What did you encounter when you left the Ashram? Were there challenges, victories?
Shortly after leaving the Ashram, I was accepted into the Rotary Peace Fellowship scholarship program. The program is an effort to help make the world a more peaceful place by investing in individuals engaged in peace work. From 2014 to 2015 I studied at the University of Queensland, in Brisbane, Australia, as part of class of twelve Peace Fellows. I looked at everything from theoretical analyses of international relations to practical field experiences in dialogue, education, intercultural interactions and genocide prevention. I finished my studies with an advanced Master’s Degree in Peace Studies and Conflict Resolution.
One of the things that I focused on in my academic work was cultivating peace internally while cultivating peace externally, and the ways they are similar. I was able to integrate my interest in yoga with my academic research, which was incredibly rewarding and fruitful. This synthesis allowed me to open up whole new layers to the yogic concept of ‘personal responsibility’, which I had associated more with negative ideas, such as “I am responsible for all of my bad decisions.” But by focusing on inner peace, within the context of attempting to understand protracted and often devastating international conflict, I saw the importance of taking responsibility for my more positive decisions, too. And through that process I became aware that the world is not just a bad place full of conflict and war, but also a place full of beauty and hope and tireless efforts towards peace that should be acknowledged, discussed and valued. So by observing my own efforts to cultivate my inner sense of peace, which is challenging and rewarding and humbling in itself, I’ve become much more sensitive to, and compassionate towards, external conflicts as well, from my own family to the global stage.
What are your current hopes and dreams?
Now that I have my master’s degree, much of my time and energy has been freed up for other pursuits. Between my academic training, and the practices of the Ashram, I feel confident that I can engage in my life, and the world, in a whole new way. For now, I plan to pursue professional and volunteer opportunities in Australia, where I’m enjoying seeing the world from a different perspective, literally and also culturally and politically. I’d like to focus on refugee asylum-seeker advocacy, which is a major issue in the world right now, and hope to continue my work in crisis management, genocide prevention research, and mediation – not to mention the teachings of the Ashram.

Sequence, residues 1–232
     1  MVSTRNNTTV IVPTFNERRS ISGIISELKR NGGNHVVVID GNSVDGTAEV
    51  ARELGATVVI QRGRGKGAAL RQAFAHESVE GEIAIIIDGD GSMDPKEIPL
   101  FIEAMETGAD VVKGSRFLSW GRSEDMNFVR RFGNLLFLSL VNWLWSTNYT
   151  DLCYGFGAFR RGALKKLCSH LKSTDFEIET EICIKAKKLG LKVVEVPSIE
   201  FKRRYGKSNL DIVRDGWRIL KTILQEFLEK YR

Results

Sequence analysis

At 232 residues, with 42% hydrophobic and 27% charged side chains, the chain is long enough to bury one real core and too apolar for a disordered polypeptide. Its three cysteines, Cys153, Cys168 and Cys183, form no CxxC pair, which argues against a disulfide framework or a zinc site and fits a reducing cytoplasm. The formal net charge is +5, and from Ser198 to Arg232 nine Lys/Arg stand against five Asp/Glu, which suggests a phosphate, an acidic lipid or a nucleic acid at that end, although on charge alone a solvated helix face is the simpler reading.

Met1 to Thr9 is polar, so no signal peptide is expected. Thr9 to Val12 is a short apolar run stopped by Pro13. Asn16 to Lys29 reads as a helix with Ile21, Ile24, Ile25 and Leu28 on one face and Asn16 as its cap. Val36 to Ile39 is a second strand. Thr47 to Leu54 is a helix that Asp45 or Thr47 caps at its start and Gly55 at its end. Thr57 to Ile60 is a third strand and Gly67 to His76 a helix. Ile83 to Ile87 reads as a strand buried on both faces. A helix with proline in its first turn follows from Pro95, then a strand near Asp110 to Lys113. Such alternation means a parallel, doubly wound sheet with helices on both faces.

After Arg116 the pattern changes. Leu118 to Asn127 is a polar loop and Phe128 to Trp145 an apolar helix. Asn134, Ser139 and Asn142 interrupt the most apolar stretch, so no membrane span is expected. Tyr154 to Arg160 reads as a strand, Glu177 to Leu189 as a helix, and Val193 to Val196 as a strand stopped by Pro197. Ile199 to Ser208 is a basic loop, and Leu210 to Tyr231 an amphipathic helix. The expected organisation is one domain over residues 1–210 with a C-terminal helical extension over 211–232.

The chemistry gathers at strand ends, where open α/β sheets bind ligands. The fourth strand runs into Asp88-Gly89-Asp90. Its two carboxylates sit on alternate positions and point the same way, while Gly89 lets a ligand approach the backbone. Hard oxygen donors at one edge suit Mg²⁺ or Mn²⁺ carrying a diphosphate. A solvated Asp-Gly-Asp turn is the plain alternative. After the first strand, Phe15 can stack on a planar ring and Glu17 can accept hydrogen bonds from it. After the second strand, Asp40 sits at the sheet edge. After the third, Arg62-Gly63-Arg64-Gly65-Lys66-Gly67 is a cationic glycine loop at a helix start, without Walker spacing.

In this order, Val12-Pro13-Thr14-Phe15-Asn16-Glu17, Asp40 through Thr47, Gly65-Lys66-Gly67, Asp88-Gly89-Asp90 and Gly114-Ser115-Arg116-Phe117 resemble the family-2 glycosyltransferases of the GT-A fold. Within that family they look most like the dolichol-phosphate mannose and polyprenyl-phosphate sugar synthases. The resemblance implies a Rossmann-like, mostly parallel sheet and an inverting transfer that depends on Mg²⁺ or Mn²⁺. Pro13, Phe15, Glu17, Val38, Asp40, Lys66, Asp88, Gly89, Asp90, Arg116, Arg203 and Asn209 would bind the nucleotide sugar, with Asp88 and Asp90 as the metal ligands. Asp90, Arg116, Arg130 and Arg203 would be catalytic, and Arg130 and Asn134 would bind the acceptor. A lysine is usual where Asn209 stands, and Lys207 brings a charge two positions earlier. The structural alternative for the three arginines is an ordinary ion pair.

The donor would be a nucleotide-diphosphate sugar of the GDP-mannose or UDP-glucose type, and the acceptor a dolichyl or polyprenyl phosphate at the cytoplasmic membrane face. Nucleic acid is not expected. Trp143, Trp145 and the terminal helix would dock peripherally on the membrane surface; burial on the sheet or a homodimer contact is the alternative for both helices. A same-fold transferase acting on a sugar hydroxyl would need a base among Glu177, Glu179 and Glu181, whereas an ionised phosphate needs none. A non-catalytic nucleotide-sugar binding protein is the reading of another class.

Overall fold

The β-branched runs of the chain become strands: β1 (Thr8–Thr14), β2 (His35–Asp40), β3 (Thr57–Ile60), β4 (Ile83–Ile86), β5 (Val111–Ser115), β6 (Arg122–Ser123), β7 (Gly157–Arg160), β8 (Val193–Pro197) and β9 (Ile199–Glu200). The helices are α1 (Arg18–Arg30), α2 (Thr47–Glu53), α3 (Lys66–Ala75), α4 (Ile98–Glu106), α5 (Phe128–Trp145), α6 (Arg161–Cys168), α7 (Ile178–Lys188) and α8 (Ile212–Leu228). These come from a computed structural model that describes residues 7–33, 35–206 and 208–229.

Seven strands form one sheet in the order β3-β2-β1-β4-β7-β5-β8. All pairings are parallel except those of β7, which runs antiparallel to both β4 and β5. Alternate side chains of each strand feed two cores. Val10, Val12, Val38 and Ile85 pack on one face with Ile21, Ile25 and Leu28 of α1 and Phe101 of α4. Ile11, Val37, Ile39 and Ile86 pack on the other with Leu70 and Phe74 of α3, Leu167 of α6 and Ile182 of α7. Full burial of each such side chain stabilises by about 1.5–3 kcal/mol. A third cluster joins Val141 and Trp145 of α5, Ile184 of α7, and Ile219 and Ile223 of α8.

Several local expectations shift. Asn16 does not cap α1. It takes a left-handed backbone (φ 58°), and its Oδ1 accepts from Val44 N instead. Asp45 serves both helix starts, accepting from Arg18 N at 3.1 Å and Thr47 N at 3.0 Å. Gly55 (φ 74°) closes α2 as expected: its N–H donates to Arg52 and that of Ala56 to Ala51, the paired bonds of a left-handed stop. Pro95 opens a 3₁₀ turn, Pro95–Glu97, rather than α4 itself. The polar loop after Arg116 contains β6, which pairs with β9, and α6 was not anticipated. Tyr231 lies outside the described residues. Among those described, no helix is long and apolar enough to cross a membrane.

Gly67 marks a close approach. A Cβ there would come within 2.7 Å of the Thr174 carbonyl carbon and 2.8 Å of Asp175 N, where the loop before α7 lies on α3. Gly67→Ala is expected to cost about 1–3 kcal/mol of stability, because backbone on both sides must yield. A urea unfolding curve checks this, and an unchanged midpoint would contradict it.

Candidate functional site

If someone were thinking about coming to the Ashram, what would you say to them?
I’d first tell them not to overthink it. The worst thing that’s going to happen at the Ashram is that you’re going to see a beautiful place, eat great food and sleep really well. The best scenario is you will discover some profound things about yourself, others and the world. The Ashram is such a welcoming place for anyone to come and explore. That doesn’t mean that everyone will come for the same amount of time or connect in the same way. But to experience it without any major commitment or anxiety, is a gift. People can come here who don’t know exactly where to start or which path they might feel most comfortable with. They wouldn’t be the first to have their lives transformed by it. And that’s a pretty special and unique experience in the world.
“By observing my own efforts to cultivate my inner sense of peace, which is challenging and rewarding and humbling in itself, I’ve become much more sensitive to, and compassionate towards, external conflicts as well, from my own family to the global stage.”